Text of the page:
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Molinaro, Cuomo duel over government corruption

It was probably just a matter of time before Republican Marc Molinaro used the Tesla solar plant at Riverbend for a "corruption tour" backdrop in his Republican campaign against Democratic Gov. Andrew M. Cuomo.

And it was just as inevitable that Cuomo would fire back, launching a new television ad also on Friday that accuses the Dutchess County executive of playing favorites with a local company that hired his wife.

On the day after top Cuomo aide Joseph Percoco was sentenced to six years in prison for accepting bribes from executives of companies conducting business with the state, both major candidates for governor tried to outdo each other in highlighting government actions they say don't pass the smell test.

The corruption combination underscores the major role Molinaro is assigning to the Percoco case as well as to charges stemming from Cuomo's Buffalo Billion economic development program, the ensuing bid-rigging charges at Riverbend, and how the governor is responding.

The day began with Molinaro appearing with three local assemblymen outside the Tesla facility built with $750 million in state money, which he criticized as "overpromised and underperforming" because job predictions have yet to be realized (though Cuomo's office points out the company has reached its first hiring threshold). He was also quick to link the bid-rigging convictions against local executives involved in its construction with a Cuomo administration he said looks the other way.

He raised familiar questions about why the governor was not aware of the actions of his "top lieutenant" or those of others connected to his administration who have been convicted of corruption.

"It's one more indication that over the last seven years this governor has delivered the most corrupted administration in America," Molinaro said. "The governor continues to operate a state government that thinks it's better than the people it serves."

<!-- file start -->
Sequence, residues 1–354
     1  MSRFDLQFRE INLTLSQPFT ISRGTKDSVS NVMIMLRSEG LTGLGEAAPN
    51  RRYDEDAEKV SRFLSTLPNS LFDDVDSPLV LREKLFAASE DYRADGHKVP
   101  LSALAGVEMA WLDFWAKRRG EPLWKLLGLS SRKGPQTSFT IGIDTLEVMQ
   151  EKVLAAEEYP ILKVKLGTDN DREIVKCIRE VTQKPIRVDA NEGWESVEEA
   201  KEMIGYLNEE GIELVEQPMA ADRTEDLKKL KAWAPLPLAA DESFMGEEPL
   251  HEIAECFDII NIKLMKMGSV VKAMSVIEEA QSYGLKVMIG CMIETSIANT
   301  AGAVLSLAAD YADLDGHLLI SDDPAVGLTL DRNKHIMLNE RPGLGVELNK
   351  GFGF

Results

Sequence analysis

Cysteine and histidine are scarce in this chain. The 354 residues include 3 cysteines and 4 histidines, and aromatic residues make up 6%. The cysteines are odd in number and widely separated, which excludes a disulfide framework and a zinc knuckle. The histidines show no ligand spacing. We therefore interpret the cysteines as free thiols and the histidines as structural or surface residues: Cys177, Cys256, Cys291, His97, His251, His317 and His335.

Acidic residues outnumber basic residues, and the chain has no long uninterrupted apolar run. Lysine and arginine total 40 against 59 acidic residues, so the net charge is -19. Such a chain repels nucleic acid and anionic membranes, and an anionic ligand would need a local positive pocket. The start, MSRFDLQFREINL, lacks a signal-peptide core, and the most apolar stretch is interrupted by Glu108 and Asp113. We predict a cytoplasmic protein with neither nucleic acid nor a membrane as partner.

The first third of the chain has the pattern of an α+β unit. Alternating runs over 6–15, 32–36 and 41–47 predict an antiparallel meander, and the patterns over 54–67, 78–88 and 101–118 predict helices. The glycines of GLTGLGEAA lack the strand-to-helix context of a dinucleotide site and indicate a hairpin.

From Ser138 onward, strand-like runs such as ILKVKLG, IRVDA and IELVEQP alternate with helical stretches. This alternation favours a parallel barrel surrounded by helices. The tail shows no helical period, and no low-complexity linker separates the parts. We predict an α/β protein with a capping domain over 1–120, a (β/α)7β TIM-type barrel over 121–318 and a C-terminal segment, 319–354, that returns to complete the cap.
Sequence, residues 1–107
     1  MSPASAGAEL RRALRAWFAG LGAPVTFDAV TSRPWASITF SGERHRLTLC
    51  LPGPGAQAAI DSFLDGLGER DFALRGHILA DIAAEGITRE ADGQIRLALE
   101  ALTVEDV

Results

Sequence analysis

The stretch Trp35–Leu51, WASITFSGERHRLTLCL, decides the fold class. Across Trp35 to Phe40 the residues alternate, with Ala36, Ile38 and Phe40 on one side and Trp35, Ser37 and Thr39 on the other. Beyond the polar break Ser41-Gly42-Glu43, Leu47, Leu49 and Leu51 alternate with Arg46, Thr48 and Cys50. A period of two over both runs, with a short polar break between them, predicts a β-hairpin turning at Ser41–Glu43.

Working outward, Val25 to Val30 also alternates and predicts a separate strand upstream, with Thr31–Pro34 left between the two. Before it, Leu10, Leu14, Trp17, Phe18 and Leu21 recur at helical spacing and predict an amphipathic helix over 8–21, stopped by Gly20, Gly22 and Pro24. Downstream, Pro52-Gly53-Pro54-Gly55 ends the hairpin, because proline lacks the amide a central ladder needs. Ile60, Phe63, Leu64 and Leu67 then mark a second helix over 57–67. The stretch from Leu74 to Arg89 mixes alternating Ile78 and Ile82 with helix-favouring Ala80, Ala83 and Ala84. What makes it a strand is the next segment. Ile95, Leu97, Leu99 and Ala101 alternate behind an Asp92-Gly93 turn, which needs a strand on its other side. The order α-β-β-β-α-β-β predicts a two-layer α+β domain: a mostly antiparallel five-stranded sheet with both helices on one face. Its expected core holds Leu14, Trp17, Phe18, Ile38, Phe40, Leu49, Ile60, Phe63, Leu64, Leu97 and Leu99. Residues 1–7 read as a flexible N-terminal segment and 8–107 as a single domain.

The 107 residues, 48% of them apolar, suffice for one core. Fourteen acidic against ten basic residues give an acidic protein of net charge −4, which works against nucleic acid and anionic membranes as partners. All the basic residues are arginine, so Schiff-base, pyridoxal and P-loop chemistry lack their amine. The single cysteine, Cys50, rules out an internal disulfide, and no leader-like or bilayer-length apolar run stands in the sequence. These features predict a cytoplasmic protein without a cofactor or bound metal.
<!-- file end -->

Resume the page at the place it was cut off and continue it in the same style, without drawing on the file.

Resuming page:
Molinaro charges ahead with Cuomo attacks in Buffalo visit

Molinaro recited a litany of situations that he says constitute ethical lapses such as a primary season dedication ceremony for the new Tappan Zee Bridge (now the Gov. Mario M. Cuomo Bridge) despite dangerous conditions at the site, and an election mailer criticized as anti-Semitic that was approved by a top aide and aimed at Democratic opponent Cynthia Nixon. The official, Larry Schwartz, acknowledged approving the mailer accusing Nixon of "not standing strong for our Jewish communities" but said he had not read all of it.

"Here in New York it's just another day in Andrew Cuomo's Albany," Molinaro said. "It's that arrogance that has broken faith and trust. It's that arrogance that is stealing from New Yorkers."

He again promised reforms such as term limits, ending "pay to play" state contracts, reforming the state investigative ethics panel to make it more independent, and reconvening a "real Moreland Commission" to probe public corruption.

And in Molinaro's second campaign stop in Buffalo in a week, he jabbed at the governor for his scarcity in Western New York following the Buffalo Billion trials and conviction.

"It's almost as if the governor has walked off the field in the middle of a game," he said. "Who does that?"

But Cuomo countered with his own ethical charges against Molinaro. He released a new ad accusing the Dutchess County executive's administration of providing tax breaks to an architectural firm that employed his wife.

"Marc Molinaro handed over hundreds of thousands of dollars in tax breaks to Tinkelman Corporation, a county contractor," the new Cuomo ad states. "Then Molinaro personally profits when Tinkelman hires a member of Molinaro’s family. Molinaro then handed Tinkelman county contracts worth tens of thousands of dollars."

The ad refers to a 2015 contract approved by the Dutchess County Industrial Development Agency for tax breaks to the firm, as well as the part-time marketing position his wife — Corrine Adams — later secured. Molinaro said Friday during his Tesla appearance that nothing inappropriate ever occurred, labeling the ad a "distraction."

He acknowledged Tinkelman as a campaign contributor ($6,000 over nine years), but said the deal with the company was signed before he was married in 2015. He also acknowledged amending required ethical disclosures, but said he complied with all requirements, as did the process of awarding the contract.

"It was merely the product of the lowest responsible bid," he said, adding he had no direct oversight of the IDA contract as county executive.

Buffalo Mayor Byron W. Brown, the state Democratic chairman, continued the Cuomo campaign’s assault on Molinaro’s connections to the project, which he called "the worst of pay-to-play politics."

"Molinaro’s conflicts are listed on his JCOPE disclosure," Brown said. "Did he recuse himself or notify others of the conflict in accordance with the Public Officers Law? Will he release his recusal? Did the Dutchess officials turn a blind eye or was it political cronyism at its worst?" Brown asked.

"I am calling for an immediate criminal investigation into Molinaro's conduct to personally enrich himself at taxpayer's expense," he added.

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